Connect with us


Metsing, Selibe want charges dropped



MASERU – MOTHETJOA Metsing and Selibe Mochoboroane have applied for a withdrawal of their treason charges arguing that they did not participate in the August 29, 2014 raids of police stations.

Advocate Motiea Teele KC, who is representing the two, told Justice ’Maliepollo Makhetha that the raid was a legal army operation which could not be classified as treason.

Retired army boss, Lieutenant General Tlali Kamoli, Metsing, Mochoboroane and eight other soldiers are facing treason charges emanating from the raid.

They are also charged with the murder of police’s Sub-Inspector Monaheng Ramahloko who was gunned down during the raid.

At the time Metsing was the deputy prime minister and leader of the Lesotho Congress for Democracy (LCD) which had formed a stormy coalition government with the All Basotho Convention (ABC) party.

Mochoboroane, who is now leader of the Movement for Economic Change (MEC) and Health Minister in the new coalition government led by Prime Minister Sam Matekane, was the then LCD secretary general and communications minister.

Advocate Teele argued that his clients were wrongly charged with treason because they were not part of the army raid, which he also argued was legal.

He said the legality of the army raid welled from an intelligence report Lt Gen Kamoli had that the police were going to arm people who were going to massacre the LCD and Democratic Congress (DC) supporters during a protest march against the then Prime Minister Thomas Thabane.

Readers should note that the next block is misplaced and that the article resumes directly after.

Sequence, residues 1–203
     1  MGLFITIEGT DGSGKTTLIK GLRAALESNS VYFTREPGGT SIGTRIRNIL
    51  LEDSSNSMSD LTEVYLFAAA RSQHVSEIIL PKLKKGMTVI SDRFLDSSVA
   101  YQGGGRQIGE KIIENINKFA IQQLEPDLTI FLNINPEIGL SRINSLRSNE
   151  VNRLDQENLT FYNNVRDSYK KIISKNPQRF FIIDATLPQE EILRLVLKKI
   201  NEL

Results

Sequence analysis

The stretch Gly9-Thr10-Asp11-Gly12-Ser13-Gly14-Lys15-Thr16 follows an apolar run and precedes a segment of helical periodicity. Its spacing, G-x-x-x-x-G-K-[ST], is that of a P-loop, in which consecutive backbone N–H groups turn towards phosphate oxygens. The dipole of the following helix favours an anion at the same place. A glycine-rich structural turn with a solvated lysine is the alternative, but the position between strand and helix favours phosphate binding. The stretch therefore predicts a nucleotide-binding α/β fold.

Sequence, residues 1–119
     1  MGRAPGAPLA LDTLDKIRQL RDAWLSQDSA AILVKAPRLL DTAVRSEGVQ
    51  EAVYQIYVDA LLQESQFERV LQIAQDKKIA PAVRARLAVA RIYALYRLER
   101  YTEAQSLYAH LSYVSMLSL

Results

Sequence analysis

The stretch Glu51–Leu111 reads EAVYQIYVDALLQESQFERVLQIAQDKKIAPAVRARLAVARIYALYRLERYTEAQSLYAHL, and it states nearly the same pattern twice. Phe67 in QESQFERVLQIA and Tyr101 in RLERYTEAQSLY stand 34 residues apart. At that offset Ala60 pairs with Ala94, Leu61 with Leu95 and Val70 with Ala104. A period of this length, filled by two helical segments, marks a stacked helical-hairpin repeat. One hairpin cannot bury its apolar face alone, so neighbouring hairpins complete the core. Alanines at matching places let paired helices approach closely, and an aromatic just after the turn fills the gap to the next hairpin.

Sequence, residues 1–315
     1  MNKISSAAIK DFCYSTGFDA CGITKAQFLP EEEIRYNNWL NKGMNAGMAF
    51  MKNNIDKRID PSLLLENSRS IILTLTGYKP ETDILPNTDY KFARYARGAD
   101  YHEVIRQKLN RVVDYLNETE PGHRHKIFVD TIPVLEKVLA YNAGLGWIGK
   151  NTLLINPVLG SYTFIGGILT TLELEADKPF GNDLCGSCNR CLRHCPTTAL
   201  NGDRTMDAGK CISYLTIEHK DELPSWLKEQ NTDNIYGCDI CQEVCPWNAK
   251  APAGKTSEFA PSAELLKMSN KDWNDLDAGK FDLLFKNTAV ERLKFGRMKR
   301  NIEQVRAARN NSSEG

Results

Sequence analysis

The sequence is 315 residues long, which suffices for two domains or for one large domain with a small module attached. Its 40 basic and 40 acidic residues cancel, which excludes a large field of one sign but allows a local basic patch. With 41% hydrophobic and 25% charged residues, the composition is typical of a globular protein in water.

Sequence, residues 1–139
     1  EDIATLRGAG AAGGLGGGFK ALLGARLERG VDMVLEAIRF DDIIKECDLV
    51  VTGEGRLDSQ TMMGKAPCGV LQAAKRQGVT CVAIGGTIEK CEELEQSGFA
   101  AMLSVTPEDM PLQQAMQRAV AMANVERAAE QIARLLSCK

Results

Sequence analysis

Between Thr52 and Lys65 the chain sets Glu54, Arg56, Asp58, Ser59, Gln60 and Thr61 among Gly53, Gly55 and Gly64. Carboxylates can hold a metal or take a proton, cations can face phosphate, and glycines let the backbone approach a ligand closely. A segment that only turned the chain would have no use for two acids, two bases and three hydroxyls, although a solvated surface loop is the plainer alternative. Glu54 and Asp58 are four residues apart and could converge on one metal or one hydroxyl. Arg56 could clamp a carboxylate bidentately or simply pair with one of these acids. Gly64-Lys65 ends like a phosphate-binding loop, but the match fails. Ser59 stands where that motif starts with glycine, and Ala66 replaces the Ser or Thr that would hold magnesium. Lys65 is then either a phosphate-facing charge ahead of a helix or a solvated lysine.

“They wanted him to open parliament but the police refused to give them the go-ahead indicating that there was an intelligence that some police officers were going to issue firearms to the ABC youth to harm the LCD youths if they continued with their protest,” Advocate Teele said.

“It was also found that the same intelligence was there within the LDF,” he said.

Advocate Teele said Lt Gen Kamoli had the right and responsibility to suppress any lawlessness that in his opinion could result in the killing of people.

The raid happened within hours after Thabane advised King Letsie III to fire Lt Gen Kamoli and replace him with the then Brigadier Maaparankoe Mahao, whom he promoted to the rank of lieutenant general.

Lt Gen Mahao was later killed in an operation the army said was meant to arrest him for mutinying against Lt Gen Kamoli the following year.

Advocate Teele told the judge that Lt Gen Kamoli’s dismissal was unlawful, citing the Lesotho Defence Force Act which spells the procedure for the sacking of the army commander.

He said the Act, provides that the King has to call the commander to a hearing or write him a letter telling him to state why he cannot be dismissed, which did not happen in the case of Lt Gen Kamoli.

Advocate Teele said the crown does not have such correspondence between the King and Lt Gen Kamoli stating that he instructed the army to raid police stations at a time when he was no longer the commander.

“There is no such file from the crown that shows whether the King had such meeting with the former commander, where he had given him the hearing as to why he would not terminate his employment,” he said.

He said Lt Gen Kamoli was still the commander with the mandate to suppress any uprising that could end with deaths of people in the country.

“He had a right that if he found an intelligence or rumours that indicate that there were people who wanted to cause instability in the country he could stop it.”

He said Lt Gen Kamoli “did a good job using his power and abiding by the law” to raid the police and disarm them before they could arm the ABC people who were to harm the LCD protesters.

Tholoana Lesenya

Continue Reading
Click to comment

Leave a Reply

Your email address will not be published. Required fields are marked *



Copyright © 2022. The Post Newspaper. All Rights Reserved